Murray Says T&G May Have to Pay Up for Building Contamination
Thursday, February 07, 2013
Murray was in Worcester on Wednesday to welcome Quinsigamond Community College into the former home of the Telegram and Gazette, and while he championed the group that bought 18-20 Franklin Street, he said the story may not be over yet.
“The WBDC are experts on brownfields. They have an agreement that was made depending on the level of contamination that is or isn’t present there,” Murray said. “But the T&G may have to contribute more.”
The End of the Deal
The NY Times Company sold the property for $300,000 to New Garden Park Inc., a non-profit subsidiary of the Worcester Business Development Corporation responsible for cleaning up brownfields.
Before the sale, Telegram and Gazette publisher Bruce Gaultney publicly promised that the building was “not a brownfield.”
Two $200,000 brownfields grants have been awarded to the site from the Environmental Protection Agency (EPA) for hazardous substances, and one from the city’s Brownfield Cleanup Revolving Loan Fund, which is also funded by the EPA.
Murray said that this example of how public private partnerships come in many forms and “that we need to try to make sure there’s a larger public policy purpose. And in this case it will be providing jobs, education, and cleaning up contamination, so there is an environmental aspect to it as well.”
What the NY Times Did Pay
The NY Times Co. agreed to pay only 10% of the cost to clean the brownfield site – $137,500, less than any of the government grants allotted for the cleanup.
Other Legislators Onboard
When GoLocal initially reported on the issue, Massachusetts legislators, candidates, and councilors called for the NY Times to contribute more money for the cleanup of the T&G building contamination.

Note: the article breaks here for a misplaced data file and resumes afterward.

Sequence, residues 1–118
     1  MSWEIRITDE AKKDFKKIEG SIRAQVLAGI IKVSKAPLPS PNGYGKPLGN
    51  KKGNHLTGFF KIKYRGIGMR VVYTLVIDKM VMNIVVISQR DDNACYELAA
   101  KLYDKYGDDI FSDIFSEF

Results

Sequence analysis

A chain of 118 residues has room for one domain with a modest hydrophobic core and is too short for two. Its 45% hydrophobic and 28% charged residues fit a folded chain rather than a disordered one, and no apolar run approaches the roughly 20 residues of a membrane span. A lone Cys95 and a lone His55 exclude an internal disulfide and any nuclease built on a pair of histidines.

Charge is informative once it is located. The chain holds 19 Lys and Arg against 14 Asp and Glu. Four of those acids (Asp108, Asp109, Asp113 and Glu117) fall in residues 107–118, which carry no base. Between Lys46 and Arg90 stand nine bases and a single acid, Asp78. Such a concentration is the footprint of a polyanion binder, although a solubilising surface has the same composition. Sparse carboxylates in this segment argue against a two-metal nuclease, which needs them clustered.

“Any corporation, if they have been deemed responsible for something they should be held to it. I think they should be responsible for it,” said Representative John Mahoney (D). While said he needed to look at the particulars of this case, Mahoney said, “The T&G should pay.”
Senator Jamie Eldridge (D) spoke about the actions of corporations, saying that if they benefit the community, public money works, but when a corporation is not showing a return to the people, it’s just not fair.
“I do believe very strongly that when any company contaminates the property that they should be responsible for cleaning it up. It should be an automatic,” he said.
Worcester City Councilor, Frederick C. Rushton, voiced his opinion on the matter, and agreed that the NY Times has much more of a role in the contamination and should take the burden off of taxpayers and the EPA.
When asked what the best case scenario would be for this situation, he said, “Hopefully [they will pay] more than 10%. They should pay for it all. They caused it, and we know they caused it.”
Councilors Kate Toomey and Konstantina Lukes also agreed.
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